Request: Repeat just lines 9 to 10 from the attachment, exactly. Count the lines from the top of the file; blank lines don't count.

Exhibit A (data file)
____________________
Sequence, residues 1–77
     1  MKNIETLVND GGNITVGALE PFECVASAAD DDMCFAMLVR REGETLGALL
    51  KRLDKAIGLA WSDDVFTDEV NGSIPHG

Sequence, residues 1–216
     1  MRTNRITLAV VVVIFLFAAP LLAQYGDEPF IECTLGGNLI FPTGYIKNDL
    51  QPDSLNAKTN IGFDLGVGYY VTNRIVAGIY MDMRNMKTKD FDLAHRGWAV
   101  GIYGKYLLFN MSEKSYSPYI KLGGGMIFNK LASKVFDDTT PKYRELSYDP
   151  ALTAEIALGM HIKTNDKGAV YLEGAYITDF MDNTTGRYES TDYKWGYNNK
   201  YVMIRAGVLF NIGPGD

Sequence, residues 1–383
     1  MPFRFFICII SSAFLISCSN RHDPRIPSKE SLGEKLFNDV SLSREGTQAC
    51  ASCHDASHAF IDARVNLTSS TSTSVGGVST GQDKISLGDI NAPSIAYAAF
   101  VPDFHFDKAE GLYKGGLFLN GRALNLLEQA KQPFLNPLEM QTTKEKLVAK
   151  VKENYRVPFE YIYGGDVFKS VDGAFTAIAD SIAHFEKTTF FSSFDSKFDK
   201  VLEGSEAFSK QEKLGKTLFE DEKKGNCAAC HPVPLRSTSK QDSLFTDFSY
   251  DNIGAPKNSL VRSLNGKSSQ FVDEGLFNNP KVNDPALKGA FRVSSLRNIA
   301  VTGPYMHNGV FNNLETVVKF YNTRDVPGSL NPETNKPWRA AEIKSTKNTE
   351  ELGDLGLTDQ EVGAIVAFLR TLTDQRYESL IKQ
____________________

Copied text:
   201  YVMIRAGVLF NIGPGD

Sequence, residues 1–383